The purpose that God was put forward as a propitiation, i.e., a sacrifice that satisfies God’s wrath and turns in into His favor, was to demonstrate, first of all, His righteousness. It was for His glory. God has chosen us and saved us for His own glory, not because we are good or we are sinless. It was to demonstrate His infinite glory. This could be seen in a classic OT text as Ezekiel 36 where God promises to save His people and promises the New Covenant–

    Ezek 36:22-23 “Therefore say to the house of Israel, Thus says the Lord GOD: It is not for your sake, O house of Israel, that I am about to act, but for the sake of my holy name, which you have profaned among the nations to which you came. 23 And I will vindicate the holiness of my great name, which has been profaned among the nations, and which you have profaned among them. And the nations will know that I am the LORD, declares the Lord GOD, when through you I vindicate my holiness before their eyes.

    God wants to vindicate the holiness of His Name. His people have misrepresented Him and He will clear up the mess that His people have made of His holy name. The first goal for which the Lord will act is the glory of His name. For His Name, He will act, not because of man, in the first place. But He wants to vindicate the glory of His Name, which is His worth, His person and everything about Him. So likewise in Romans 3, the reason that Christ the Lord was put forward as a propitiation is to demonstrate God’s righteousness. How so? God passed over the sins of the elect under the Old Testament without the sacrifice of Christ, but now that the sacrifice of Christ is made the Lord is demonstrated as the Just One who has already provided the sacrifice which turns away His wrath from the sins of the saints in the Old Testament. In a sense, Satan could have raised the charge against God that He was unjust for letting David into heaven while the sacrifice of Christ was not made. But once the sacrifice was made in whose light and on whose basis David’s sins were blotted out, there was no longer any basis for an accusation from Satan. God’s justice was demonstrated.

    But how is God’s justice then demonstrated in mercy and grace? Proverbs 17:15 says that “He who justifies the wicked and he who condemns the righteous are both alike an abomination to the LORD.” So, how can God justify the wicked, i.e., sinners and those who are not righteous, without Himself being an abomination?! This is the problem that Paul is actually dealing with in Romans 3:25-26. The solution of the problem is found in Christ being the propitiation. This means that God put forward Christ so that He would bring upon Him the punishment deserved for everyone who would believe. God did indeed justify the wicked, but His wrath against their sins was satisfied in the Substitute. He did not merely ignore their sins and justify them, that would have been an abomination. Rather, God punished their sins in the Substitute. God’s wrath was satisfied against their sins. God was propitiated. It is in this way that God is just and the justifier. God will do justice against all those who do not repent by sending them to hell to pay for their sins. But He is also the justifier of the ungodly because He has poured out His wrath, which He had against the elect, on His Son, the perfect and spotless Substitute.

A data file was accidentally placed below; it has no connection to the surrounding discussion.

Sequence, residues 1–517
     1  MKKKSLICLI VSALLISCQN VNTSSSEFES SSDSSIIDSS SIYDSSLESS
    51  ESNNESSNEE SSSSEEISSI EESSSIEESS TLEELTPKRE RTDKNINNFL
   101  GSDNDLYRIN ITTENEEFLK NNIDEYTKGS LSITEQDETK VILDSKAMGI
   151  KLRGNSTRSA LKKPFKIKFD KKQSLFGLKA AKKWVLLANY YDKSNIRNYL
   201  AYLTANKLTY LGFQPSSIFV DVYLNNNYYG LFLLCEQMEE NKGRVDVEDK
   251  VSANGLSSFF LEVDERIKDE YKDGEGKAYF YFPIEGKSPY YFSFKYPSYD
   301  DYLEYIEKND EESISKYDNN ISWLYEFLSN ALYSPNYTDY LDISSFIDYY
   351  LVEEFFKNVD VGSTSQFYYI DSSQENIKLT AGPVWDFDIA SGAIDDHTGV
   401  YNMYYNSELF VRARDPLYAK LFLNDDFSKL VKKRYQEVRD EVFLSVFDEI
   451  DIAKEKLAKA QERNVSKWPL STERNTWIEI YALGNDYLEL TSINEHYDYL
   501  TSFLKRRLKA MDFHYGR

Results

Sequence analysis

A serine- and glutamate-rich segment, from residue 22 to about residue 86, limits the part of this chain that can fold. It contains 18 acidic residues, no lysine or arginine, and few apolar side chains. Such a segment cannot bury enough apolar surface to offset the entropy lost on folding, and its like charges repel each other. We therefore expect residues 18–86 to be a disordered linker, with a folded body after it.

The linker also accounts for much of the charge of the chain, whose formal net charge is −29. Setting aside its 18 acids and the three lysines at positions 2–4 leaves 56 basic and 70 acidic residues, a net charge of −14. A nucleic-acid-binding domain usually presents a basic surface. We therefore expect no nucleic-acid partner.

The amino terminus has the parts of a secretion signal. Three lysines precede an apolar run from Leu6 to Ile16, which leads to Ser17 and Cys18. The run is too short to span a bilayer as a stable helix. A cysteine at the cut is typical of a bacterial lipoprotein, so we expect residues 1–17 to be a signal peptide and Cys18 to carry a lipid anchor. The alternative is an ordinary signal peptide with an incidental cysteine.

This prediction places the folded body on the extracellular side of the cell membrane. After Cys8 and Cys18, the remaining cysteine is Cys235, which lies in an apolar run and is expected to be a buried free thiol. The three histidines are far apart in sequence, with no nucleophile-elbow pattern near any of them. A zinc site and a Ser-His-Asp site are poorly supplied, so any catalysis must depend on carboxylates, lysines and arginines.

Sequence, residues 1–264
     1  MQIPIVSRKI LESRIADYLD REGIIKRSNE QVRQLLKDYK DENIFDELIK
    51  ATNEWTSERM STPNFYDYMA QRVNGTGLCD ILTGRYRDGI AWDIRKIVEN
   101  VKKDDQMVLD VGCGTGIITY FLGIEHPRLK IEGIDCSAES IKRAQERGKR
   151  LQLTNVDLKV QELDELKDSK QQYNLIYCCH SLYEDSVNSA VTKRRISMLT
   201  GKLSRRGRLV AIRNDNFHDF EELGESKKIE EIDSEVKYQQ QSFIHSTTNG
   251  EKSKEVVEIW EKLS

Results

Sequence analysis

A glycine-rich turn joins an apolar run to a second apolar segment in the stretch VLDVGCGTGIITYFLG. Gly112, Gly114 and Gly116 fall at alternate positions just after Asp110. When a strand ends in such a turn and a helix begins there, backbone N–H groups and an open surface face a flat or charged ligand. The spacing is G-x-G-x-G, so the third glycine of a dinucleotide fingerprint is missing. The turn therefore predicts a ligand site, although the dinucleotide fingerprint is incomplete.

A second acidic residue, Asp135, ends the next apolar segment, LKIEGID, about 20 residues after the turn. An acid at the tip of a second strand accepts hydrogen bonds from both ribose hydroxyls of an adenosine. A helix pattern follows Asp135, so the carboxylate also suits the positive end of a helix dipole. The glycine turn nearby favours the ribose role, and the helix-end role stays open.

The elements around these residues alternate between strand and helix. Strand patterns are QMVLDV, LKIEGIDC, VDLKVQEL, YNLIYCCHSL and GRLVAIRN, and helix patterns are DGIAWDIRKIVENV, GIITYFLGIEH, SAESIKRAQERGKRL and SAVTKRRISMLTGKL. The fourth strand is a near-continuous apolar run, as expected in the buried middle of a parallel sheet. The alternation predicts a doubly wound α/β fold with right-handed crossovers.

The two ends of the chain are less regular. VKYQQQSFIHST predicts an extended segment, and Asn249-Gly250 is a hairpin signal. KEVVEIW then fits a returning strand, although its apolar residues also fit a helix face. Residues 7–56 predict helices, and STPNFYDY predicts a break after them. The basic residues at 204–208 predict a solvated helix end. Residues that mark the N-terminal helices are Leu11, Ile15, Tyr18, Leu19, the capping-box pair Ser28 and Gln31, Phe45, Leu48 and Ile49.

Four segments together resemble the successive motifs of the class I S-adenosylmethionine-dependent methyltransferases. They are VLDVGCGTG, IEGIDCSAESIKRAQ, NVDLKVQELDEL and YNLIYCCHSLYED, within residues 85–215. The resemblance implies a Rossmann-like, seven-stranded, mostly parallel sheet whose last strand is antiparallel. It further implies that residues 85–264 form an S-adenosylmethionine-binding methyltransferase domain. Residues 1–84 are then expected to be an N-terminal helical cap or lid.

God’s desire in all of this to show that salvation only belongs to Him. It only comes through His efforts, not anything in humans. So that no one would have a basis to boast. God desired to show His righteousness and He indeed does show His righteousness. He is righteous in punishing the guilty and He is righteous in saving the elect because a Substitute paid their debt. God planned for salvation to be in this way, i.e., that it would be in Christ and by grace through faith so that no man could say that he contributed anything to his salvation.

    1Cor. 1:30-31 And because of him you are in Christ Jesus, who became to us wisdom from God, righteousness and sanctification and redemption, 31 so that, as it is written, “Let the one who boasts, boast in the Lord.”

    It is because of God that we are believers and we have been justified. The righteousness of Christ is credited to us and God sees us righteous and spotless in Christ. Why? So that we would boast only in the Lord. Justification is by grace and through faith so as to exclude boasting (Eph. 2:8-9). God is jealous for His glory and He will give it to no other.

    §4 God did from all eternity decree to justify all the elect

    1. God did from all eternity decree to justify all the elect, 1 and Christ did in the fullness of time die for their sins, and rise again for their justification; nevertheless, they are not justified personally, until the Holy Spirit doth in time due actually apply Christ unto them. 3
      1. Gal. 3:8; 1 Peter 1:2, 19-20; Rom. 8:30
      2. Gal. 4:4; 1 Tim. 2:6; Rom. 4:25
      3. Col. 1:21-22; Gal. 2:16; Titus 3:4-7; Eph. 2:1-3

    God had from all eternity determined to justify all the elect (Rom. 8:30 ). To do so, He likewise decreed that Christ in the fullness of time die for their sins, and rise again for their justification (Gal. 4:4; Rom. 4:25). What is important to notice is that it says that God did from all eternity decree and not actually justify the elect from all eternity. They are justified personally only when the Holy Spirit doth in time due actually apply Christ unto them (Titus 3:4-7 ). We are justified by faith and not  election . Election ensures that we will be justified, but it is not the instrument of justification.

    The Work of the Trinity

    One of the best ways for me to understand the Trinity and see the Trinity in action is in the redemption of man. The Father plans the redemption, the Son accomplishes the redemption and the Holy Spirit applies the redemption. The work of all the three Persons of the Blessed Trinity may be seen in Ephesians 1. Verses 3-6 speak of the work of the Father, vv. 7-12 of the work of the Son and vv. 13-14 speak of the work of the Spirit.